The Beltane Festival


TO PEEBLES FOLK Beltane means instant recall: middle-aged men remember when they were 'little mice peeping out', women have more detailed memories of being 'Belgian ladies', 'Rainbow girls' or maybe 'Maids of Honour'. Older generations (we live a long time in Peebles!) can hark back to the twenties (1927 to be exact) when the heavens opened and it rained 'like steel rods' causing the abandonment of the children's procession and the curtailment of the subsequent sports. To 'incomers' - and their name is legion - the Beltane is a mystery and at first they are bemused by its nuances and take time to absorb its traditions.

Let's not be too modest about our celebration of the summer solstice for we boast a festival second to none - some would say unique in the annals of Border history. But in describing it we must distinguish between Peebleans who, like old soldiers you can always tell - but you can't tell them much! - and newcomers, bless them, who are mystified by the 'goings on' of Beltane week in the little old Burgh of Peebles. Festooned with flags, bedecked with bunting and huge hardboard coloured cut-outs, the town resounds to the music of silver and pipe bands with cheering children in their wake, crowds of grown-ups too make their way purposefully to points north and west of the High Street or just stand and shout 'Hooray!' when vast processions pass. Something must be happening.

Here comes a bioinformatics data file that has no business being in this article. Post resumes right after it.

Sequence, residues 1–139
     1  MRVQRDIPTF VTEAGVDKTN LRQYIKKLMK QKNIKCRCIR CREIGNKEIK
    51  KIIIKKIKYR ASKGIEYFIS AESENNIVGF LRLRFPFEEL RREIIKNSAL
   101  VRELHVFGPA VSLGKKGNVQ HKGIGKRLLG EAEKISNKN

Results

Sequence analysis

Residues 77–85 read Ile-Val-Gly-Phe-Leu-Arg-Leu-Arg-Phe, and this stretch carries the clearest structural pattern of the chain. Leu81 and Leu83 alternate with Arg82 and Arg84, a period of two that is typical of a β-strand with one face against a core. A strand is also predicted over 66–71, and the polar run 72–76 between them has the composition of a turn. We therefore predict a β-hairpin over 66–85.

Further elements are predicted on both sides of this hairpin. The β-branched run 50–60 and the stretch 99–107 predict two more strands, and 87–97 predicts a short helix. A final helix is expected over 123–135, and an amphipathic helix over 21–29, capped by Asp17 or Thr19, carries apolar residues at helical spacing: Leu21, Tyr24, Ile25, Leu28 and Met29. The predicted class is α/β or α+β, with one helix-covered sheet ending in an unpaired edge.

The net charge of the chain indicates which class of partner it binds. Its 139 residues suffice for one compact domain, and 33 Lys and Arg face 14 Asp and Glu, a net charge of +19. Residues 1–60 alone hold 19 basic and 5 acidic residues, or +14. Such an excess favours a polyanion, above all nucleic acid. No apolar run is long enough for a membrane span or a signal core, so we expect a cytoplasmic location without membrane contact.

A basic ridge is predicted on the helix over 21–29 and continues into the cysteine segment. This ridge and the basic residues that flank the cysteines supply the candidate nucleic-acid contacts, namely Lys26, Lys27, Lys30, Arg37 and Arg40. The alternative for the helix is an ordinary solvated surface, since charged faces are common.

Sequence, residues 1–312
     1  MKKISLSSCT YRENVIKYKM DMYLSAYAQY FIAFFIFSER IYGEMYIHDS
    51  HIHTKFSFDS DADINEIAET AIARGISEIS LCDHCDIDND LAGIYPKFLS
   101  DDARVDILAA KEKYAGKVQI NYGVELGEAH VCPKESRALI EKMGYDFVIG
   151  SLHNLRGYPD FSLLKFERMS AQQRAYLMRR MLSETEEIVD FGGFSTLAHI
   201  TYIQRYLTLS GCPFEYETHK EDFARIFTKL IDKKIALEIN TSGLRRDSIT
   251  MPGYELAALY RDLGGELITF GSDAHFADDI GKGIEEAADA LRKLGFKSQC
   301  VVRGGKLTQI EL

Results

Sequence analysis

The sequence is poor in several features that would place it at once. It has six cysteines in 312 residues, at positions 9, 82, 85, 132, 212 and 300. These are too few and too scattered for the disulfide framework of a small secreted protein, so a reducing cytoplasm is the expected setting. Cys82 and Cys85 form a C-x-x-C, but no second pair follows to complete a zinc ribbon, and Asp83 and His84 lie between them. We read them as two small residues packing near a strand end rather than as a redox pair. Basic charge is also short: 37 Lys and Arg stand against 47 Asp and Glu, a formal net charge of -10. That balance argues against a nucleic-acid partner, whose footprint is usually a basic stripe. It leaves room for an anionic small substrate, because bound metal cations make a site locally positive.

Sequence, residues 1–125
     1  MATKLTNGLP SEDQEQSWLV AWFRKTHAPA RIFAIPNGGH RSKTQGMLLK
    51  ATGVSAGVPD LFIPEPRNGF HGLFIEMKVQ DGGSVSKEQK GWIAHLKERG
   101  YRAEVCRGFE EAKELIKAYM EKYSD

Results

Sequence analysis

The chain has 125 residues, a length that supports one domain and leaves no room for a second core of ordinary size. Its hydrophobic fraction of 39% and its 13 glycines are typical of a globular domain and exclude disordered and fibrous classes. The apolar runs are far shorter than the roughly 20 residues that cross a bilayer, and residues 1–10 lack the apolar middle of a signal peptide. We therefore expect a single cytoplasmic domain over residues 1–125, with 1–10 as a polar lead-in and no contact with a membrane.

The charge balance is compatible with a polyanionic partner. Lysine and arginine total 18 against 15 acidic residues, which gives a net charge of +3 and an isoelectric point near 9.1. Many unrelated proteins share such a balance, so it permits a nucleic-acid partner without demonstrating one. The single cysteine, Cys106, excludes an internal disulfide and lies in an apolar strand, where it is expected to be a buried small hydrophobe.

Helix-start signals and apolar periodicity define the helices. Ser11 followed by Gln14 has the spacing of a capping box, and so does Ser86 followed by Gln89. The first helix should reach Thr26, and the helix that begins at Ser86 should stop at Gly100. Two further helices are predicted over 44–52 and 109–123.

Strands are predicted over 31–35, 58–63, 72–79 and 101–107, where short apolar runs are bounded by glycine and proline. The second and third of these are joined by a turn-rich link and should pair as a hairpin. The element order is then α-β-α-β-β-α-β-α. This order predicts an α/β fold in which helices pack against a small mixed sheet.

Tl}is chapter then is written both for the locals who will forgive the writer for stating the obvious - 'what's aye been', and for those who have made Peebles their commuter town, visitors' centre or retirement residence. The latter, understandably, may well be perplexed in the third week of June to find on the Saturday morning, the High Street closed to traffic, the populace cheering vociferously, most shops shut and loud music wafting from the steps of the